On arrival the PLA team and volunteers, including a veterinarian, determined that the animal had sadly already died. Our colleagues at the Cetacean Strandings Investigation Programme were informed and the body was secured overnight. Over the following couple of days the body was transported downriver so that it could be safely retrieved and a post mortem examination carried out.

The initial findings show that it was a 5.8m male in good nutritional condition, although there was no evidence of recent feeding as the stomach was mostly empty. There were several shallow, superficial parallel cuts across the animal’s back with underlying damage consistent with having been hit by a propeller following ship strike, along with evidence of live stranding. These findings have been interpreted as there having been a non-fatal ship strike followed by live stranding and death shortly afterwards. There were no obvious indications as to why the animal may have travelled so far up the Thames in the first place, such as a pre-existing health issue, but further tests are ongoing and may affect the final conclusion.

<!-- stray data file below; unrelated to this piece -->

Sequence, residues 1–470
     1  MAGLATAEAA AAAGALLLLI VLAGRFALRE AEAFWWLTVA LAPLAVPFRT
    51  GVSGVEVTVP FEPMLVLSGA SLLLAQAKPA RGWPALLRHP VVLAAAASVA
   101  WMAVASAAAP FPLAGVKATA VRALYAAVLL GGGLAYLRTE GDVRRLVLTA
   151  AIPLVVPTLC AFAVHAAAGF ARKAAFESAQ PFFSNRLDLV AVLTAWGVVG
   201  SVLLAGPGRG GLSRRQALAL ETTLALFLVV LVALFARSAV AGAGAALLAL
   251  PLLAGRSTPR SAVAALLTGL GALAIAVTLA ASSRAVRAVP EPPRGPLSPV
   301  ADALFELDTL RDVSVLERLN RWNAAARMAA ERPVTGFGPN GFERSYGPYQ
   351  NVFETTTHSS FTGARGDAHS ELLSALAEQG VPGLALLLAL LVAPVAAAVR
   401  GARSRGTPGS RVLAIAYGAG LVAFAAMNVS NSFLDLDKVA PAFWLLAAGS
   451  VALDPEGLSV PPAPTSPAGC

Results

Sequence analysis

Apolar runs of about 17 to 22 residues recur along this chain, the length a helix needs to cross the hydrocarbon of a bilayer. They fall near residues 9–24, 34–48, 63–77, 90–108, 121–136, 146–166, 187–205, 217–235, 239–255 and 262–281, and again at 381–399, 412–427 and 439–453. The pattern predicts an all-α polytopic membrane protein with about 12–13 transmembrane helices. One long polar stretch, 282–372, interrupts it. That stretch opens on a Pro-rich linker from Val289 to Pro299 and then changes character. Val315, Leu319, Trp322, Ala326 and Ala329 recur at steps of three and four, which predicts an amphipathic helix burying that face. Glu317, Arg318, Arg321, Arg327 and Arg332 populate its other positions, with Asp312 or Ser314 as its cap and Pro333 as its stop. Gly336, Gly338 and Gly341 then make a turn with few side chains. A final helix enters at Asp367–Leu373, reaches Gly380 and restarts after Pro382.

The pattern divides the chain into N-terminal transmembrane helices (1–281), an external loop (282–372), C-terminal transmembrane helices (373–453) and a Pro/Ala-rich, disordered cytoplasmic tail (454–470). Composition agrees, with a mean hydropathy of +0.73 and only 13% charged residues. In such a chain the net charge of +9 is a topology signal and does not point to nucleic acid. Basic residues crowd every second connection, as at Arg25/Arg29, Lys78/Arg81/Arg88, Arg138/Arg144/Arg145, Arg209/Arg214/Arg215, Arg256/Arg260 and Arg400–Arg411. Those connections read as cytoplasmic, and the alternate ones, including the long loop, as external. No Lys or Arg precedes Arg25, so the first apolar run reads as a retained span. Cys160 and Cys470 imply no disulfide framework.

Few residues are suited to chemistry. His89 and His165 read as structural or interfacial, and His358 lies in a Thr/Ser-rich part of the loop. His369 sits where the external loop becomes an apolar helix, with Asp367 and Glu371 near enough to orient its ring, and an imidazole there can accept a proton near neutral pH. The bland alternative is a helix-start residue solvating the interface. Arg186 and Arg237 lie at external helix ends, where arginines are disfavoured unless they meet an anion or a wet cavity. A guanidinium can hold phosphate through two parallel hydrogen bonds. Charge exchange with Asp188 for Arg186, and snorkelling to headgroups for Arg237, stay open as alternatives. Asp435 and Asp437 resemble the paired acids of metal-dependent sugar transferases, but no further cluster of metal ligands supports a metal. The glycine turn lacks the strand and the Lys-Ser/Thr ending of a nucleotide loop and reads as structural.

This is third whale found in the River Thames in two months, following a humpback whale and sei whale that both stranded in October, so adds to an unusual amount of whale activity in the area, but it can only be speculated as to the reason why at this stage given the very limited amount of information available.

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Images credit Gareth Mottram, BDMLR and CSIP-ZSL